US Leaders Who Served in Vietnam War Look Back and Ahead

FILE - U.S. Secretary of State John Kerry (R) visits the village of Kien Vang along the Mekong River Delta, Vietnam, Dec. 15, 2013.


Three high-profile current and former U.S. public servants who fought in the Vietnam War are reflecting on the conflict, while casting an eye on the present and the future.

In a joint op-ed Tuesday in the New York Times, Secretary of State John Kerry, Senator John McCain and former Senator Bob Kerrey, wrote as the U.S. strengthens relations with Vietnam, it is important to remember the lessons learned from the war that claimed the lives of more than 58,000 American and nearly one million Vietnamese.

Although there are "few easy answers" to questions about the lessons, they said "we must never again confuse a war with the warriors." American veterans "deserve our deepest respect, gratitude and support whenever and wherever they served," they added, an apparent reference to the derision Vietnam veterans faced when they returned home from the controversial war in the 1960's and 1970's.

They also cited the need for leaders "to be honest" with Congress and the American public about military plans, a declaration that comes decades after the first U.S. combat troops deployed to Vietnam were described as "flood relief."

Exercising "humility in assuming knowledge about foreign cultures" and overcoming "seemingly unbridgeable differences," which are evident this week in Vietnam, are among the other lessons the United States has learned from the war, which raged in Southeast Asia from 1955 to 1975.

FILE - U.S. Sen. John McCain, R-Ariz, is seen during a tour of Hoa Lo Prison site, Hanoi, April 8, 2009. The photo behind McCain is that the Hanoi army and people pull out McCain out of Truc Back Lake on Oct. 26, 1967 after his plane was shot down.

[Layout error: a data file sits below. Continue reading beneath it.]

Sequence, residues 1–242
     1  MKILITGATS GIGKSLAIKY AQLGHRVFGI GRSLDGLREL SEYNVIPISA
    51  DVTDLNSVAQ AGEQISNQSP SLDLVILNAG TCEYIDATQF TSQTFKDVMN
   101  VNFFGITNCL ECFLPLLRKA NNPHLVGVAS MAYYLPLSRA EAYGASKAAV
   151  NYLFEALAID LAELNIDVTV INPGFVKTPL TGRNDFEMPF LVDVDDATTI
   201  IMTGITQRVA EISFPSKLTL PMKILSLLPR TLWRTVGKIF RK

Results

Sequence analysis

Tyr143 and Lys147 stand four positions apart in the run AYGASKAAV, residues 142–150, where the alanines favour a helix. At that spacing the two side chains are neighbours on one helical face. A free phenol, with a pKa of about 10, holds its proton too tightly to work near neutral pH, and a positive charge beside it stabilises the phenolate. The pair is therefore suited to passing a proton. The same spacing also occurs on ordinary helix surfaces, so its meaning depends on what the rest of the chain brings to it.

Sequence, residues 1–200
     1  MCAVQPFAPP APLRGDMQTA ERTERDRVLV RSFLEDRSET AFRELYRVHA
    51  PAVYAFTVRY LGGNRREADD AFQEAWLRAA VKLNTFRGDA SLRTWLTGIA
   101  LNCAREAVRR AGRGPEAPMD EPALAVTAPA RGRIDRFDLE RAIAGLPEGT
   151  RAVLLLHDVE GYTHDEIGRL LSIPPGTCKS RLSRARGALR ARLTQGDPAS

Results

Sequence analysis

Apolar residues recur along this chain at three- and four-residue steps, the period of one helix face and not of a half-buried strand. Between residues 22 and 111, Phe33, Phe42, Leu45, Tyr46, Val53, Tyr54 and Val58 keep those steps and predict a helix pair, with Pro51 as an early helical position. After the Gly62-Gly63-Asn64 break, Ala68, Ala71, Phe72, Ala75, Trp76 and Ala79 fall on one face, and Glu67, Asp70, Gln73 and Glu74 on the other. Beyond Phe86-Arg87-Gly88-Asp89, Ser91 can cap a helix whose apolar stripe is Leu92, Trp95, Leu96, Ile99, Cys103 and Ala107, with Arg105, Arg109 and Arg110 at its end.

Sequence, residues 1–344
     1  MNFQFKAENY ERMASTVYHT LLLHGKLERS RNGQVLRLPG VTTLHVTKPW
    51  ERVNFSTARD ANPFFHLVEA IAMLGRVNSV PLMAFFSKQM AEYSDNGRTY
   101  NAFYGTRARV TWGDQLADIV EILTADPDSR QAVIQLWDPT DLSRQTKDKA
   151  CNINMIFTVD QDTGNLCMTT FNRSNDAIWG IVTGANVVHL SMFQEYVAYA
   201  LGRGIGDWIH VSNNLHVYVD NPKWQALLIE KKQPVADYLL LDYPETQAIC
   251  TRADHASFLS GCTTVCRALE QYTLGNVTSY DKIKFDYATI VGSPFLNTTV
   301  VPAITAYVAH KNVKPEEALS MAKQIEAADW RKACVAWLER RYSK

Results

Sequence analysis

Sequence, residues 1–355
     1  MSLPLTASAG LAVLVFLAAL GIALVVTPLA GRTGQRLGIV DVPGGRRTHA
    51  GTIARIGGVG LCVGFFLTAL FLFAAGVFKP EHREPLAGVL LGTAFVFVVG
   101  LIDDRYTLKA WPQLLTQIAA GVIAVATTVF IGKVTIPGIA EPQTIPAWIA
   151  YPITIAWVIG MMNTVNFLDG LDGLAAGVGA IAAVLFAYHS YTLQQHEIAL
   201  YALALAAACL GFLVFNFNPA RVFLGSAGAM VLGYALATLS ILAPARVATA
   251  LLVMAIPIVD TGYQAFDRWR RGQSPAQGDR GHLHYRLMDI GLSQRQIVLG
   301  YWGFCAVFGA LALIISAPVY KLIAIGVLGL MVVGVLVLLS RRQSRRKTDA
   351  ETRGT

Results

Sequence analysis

FILE - U.S. Sen. John McCain, R-Ariz, is seen during a tour of Hoa Lo Prison site, Hanoi, April 8, 2009. The photo behind McCain is that the Hanoi army and people pull out McCain out of Truc Back Lake on Oct. 26, 1967 after his plane was shot down.

Kerry, McCain and Kerrey are proud of the contributions they made toward the resumption of normal diplomatic relations 20 years ago between the U.S. and Vietnam. For example, fewer than 60,000 Americans visited Vietnam annually 20 years ago, compared to nearly one half million today, and bilateral trade with Vietnam is nearly 100 times the $450 million dollar figure of 20 years ago.

As President Barak Obama visits Vietnam this week, the three veterans describe his relationship building efforts as "wide-ranging," covering issues from security, trade, investment, the environment and "freedom of religion and human rights."

Looking ahead, they wrote, "mutual interests" and "natural affinities" such as family ties and a "fierce desire for freedom" will help strengthen ties between the two countries.

John Kerry was a naval officer in Vietnam. McCain was a naval officers and a prisoner of war in North Vietnam for five and 1/2 years. Bob Kerrey was awarded the Medal of Honor for his service as a Navy SEAL in Vietnam.

Source: Voice Of America